There is something about the way Mary turns away from her son that makes us aware of a struggle different than Joseph is experiencing. She knows very well her child has no human Father, but is anxious about her child’s future. She can see in the circumstances of his birth that his way of ruling is nothing like the way kings rule. The ruler of all rules from a manger in a stable. His death on the cross will not surprise her. It is implied in his birth.
We see that the Christ child’s body is wrapped “in swaddling clothes.” In icons of Christ’s burial, you will see he is wearing similar bands of cloth. We also see them around Lazarus, in the icon of his raising by Christ. In the Nativity icon, the manger looks much like a coffin. In this way, the icon links birth and death. The poet Rilke says we bear our death within us from the moment of birth. The icon of the Nativity says the same. Our life is one piece and its length of much less importance than its purity and truthfulness.
Some versions of the icon show more details, some less.
Normally in the icon we see several angels worshiping God-become-man. Though we ourselves are rarely aware of the presence of angels, they are deeply enmeshed in our history and we know some of them by name. This momentous event is for them as well as us.
Often the icon includes the three wise men who have come from far off, whose close attention to activity in the heavens made them come on pilgrimage in order to pay homage to a king who belongs not to one people, but to all people; not to one age, but to all ages. They represent the world beyond Judaism.
Then there are the shepherds, simple people who have been summoned by angels.
Throughout history it has in fact been the simple people who have been most uncompromised in their response to the Gospel, who have not buried God in footnotes. It was not the wise men, but the shepherds who were permitted to hear the choir of angels singing God’s praise.
On the bottom right of the icon often there are one or two midwives washing the newborn baby. The detail is based on apocryphal texts concerning Joseph’s arrangements for the birth. Those who know the Old Testament will recall the disobedience of midwives to the Egyptian Pharaoh; thanks to a brave midwife, Moses was not murdered at birth. In the Nativity icon the midwife’s presence has another still more important function, underscoring Christ’s full participation in human nature.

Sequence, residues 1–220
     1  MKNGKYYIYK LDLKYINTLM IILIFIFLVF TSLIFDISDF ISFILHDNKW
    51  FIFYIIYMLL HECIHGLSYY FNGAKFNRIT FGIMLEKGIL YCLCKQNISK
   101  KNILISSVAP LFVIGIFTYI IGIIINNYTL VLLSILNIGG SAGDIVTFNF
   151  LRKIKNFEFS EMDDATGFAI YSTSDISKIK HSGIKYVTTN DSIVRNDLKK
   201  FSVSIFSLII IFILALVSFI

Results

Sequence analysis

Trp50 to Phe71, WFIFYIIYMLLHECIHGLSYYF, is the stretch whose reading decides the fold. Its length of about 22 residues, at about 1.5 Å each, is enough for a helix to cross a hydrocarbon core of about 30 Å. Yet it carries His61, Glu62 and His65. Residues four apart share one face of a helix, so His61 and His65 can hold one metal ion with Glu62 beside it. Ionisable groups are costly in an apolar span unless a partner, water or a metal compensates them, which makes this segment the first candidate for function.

Iconographers may leave out or alter various details, but always there is a ray of divine light that connects heaven with the baby. The partially revealed circle at the very top of the icon symbolizes God the Father, the small circle within the descending ray represents the Holy Spirit, while the child is the Second Person of the Holy Trinity, the Son. At every turn, from iconography to liturgical text to the physical gesture of crossing oneself, the Church has always sought to confess God in the Holy Trinity.
The symbol is also connected with the star that led the magi to the cave.
Orthodoxy often speaks of Christ in terms of light and this, too, is suggested by the ray connecting heaven to the manger. “Our Savior, the dayspring from on high, has visited us, and we who were in shadow and in darkness have found the truth,” the Church sings on Christmas, the Feast of Christ’s Nativity According to the Flesh.
The iconographic portrayal of Christ’s birth is not without radical social implications. Christ’s birth occurred where it did, we are told by Matthew, “because there was no room in the inn.” He who welcomes all is himself unwelcome. From the moment of his birth, he is something like a refugee, as indeed he soon will be in the very strict sense of the word, fleeing to Egypt with Mary and Joseph, as they seek a safe distance from the murderous Herod. Later in life he will say to his followers, revealing one of the criteria of salvation, “I was homeless and you took me in.”
The icon reminds us that we are saved not by our achievements, but by our participation in the mercy of God — God’s hospitality. If we turn our backs on the homeless and those without the necessities of life, we will end up with nothing more than ideas and slogans and find ourselves lost in the icon’s starless cave.
We return at the end to the two figures at the heart of the icon. Mary, fulfilling Eve’s destiny, has given birth to Jesus Christ, a child who is God incarnate, a child in whom each of us finds our true self, a child who is the measure of all things. It is not the Messiah the Jews of those days expected — or the Christ many Christians of the modern world would have preferred. God, whom we often refer to as all-mighty, reveals himself in poverty and vulnerability. Christmas is a revelation of the self-emptying love of God.
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note: This is a chapter from Praying With Icons bu Jim Forest (Orbis Books).
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Two examples of the Nativity icon: